Step 2: Address the human element so your cybersecurity thinking can evolve ahead of the “bad guys.”
As we have observed the life cycles of technology over time, there are trends in thinking about technology. Cybersecurity is no exception. It’s probably not a coincidence that over time, cybersecurity thinking has evolved similarly as military thinking. At first, cybersecurity focused on a strong “perimeter defense,” much like real-world forts and castles. The theory was that we can’t control what goes on outside the gates. We can only build strong walls (to resist direct attacks) and closely inspect anything that comes through the gates. This type of thinking led to the successful rise of firewalls (networks) and virus checkers (computers).
Later, as attackers grew more sophisticated in camouflaging their incursions, cybersecurity evolved again. In this case, although the walls and gate inspections were still present, defenders acknowledged that if intruders did manage to gain access into the secure enclave, they could then roam freely. The response was to adopt a philosophy of “defense in depth.” This model is equivalent to having guards roaming the hallways and rooms inside the castle, looking for unusual behavior from anyone. In the case of cybersecurity, this meant installing network intrusion detection systems (NIDS) on networks, and host intrusion detection systems (HIDS) on servers. This was a profound shift, from one dimensional to two dimensional thinking, and was quite successful in catching more intrusions. Now these systems not only detect, but block intrusions, making them Intrusion Prevention Systems (IPS).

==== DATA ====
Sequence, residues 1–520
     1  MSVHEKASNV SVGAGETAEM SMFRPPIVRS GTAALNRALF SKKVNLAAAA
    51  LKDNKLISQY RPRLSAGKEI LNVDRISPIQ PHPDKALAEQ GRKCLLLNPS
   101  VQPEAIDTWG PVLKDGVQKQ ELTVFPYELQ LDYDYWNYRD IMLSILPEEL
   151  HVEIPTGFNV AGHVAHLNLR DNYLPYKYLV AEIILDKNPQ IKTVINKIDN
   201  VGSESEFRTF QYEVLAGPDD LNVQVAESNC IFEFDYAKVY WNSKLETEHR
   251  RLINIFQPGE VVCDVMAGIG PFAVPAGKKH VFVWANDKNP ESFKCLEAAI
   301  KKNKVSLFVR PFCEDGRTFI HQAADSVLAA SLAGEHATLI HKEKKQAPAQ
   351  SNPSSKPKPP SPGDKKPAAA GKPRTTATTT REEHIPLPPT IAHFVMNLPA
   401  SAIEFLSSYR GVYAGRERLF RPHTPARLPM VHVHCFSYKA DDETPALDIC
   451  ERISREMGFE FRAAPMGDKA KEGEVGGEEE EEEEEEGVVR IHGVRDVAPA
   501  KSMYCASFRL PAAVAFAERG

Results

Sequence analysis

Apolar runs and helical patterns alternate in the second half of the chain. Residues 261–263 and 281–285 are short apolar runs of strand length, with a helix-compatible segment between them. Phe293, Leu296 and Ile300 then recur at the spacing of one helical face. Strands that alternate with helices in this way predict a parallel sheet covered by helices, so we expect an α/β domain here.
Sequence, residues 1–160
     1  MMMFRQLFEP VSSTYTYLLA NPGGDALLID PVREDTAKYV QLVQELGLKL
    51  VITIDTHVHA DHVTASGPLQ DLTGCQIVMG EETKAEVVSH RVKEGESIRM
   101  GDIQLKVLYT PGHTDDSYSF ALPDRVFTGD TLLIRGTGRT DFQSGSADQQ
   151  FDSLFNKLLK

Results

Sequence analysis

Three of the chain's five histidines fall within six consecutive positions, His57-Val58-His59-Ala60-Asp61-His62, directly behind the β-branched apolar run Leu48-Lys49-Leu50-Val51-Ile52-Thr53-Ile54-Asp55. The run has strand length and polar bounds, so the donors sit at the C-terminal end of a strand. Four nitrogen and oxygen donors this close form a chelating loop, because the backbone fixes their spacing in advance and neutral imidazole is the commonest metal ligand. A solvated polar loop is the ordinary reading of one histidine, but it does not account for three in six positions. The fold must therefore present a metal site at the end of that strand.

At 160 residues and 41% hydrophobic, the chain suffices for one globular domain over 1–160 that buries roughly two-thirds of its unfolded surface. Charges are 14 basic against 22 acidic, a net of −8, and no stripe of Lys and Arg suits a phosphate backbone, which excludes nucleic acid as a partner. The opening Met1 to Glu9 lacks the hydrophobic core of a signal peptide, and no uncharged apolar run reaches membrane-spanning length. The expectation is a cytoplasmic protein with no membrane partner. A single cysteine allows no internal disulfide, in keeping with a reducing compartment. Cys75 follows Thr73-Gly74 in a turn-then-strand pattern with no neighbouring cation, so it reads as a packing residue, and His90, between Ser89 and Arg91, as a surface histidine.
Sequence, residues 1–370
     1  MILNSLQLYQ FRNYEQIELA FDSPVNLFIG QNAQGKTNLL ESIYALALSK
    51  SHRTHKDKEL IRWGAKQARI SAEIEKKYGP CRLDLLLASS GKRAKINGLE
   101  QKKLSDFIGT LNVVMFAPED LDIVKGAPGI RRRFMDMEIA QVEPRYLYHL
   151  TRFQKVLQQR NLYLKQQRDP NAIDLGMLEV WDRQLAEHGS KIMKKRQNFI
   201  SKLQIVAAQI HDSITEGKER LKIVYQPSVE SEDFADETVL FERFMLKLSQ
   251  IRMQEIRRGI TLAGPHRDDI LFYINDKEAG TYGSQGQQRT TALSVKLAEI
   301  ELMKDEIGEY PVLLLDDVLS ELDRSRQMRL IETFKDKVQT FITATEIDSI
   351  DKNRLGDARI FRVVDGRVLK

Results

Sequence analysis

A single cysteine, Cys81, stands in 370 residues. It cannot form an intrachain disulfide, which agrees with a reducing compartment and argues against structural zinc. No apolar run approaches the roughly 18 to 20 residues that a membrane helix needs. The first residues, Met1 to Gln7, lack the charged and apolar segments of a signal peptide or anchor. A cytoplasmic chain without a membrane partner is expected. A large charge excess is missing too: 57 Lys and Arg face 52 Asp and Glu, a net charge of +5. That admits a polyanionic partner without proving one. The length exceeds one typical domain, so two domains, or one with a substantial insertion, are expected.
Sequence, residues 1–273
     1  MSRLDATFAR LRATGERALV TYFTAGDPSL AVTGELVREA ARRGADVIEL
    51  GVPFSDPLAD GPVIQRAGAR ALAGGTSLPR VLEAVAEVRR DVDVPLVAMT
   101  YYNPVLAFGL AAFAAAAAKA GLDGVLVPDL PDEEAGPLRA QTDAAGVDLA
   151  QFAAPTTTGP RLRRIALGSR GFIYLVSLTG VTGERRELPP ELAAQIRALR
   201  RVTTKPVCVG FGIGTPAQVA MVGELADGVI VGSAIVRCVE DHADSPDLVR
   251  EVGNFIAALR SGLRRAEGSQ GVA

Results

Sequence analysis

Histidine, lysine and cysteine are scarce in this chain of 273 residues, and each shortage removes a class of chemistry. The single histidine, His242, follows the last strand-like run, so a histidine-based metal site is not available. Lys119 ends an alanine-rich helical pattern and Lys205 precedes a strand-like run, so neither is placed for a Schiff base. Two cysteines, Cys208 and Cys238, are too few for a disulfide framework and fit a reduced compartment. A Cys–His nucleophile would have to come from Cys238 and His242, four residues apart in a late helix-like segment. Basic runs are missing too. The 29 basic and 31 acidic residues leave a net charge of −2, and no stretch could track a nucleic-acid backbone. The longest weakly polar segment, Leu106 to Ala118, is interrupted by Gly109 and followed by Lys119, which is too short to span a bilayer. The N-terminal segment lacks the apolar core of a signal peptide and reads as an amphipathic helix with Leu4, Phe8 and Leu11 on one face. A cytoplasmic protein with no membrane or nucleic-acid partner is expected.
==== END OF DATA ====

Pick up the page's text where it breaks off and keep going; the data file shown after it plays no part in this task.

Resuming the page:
The latest thinking involves the philosophy of “zero-trust” cybersecurity. This model is equivalent to locking all the rooms in the castle and only providing keys to the rooms each person needs. This lock-down model works well because, even when credentials are compromised, it limits risk exposure to minimal data and systems.
These are all strong approaches that build on each other. However, they still only operate in two dimensions (primarily technology, with a bit of policy). At Global Knowledge, we recommend a more universal approach to the problem. We believe that successful cybersecurity is a three-dimensional solution: People, Processes, and Technology. Successful cybersecurity organizations think about all three dimensions and get them right.
One dimension, as discussed previously, is technology. It’s vitally important that organizations use the best technology available to address the problem of security. Organizations need to purchase and integrate best-of-breed solutions across a wide array of technologies to have the best defensive posture.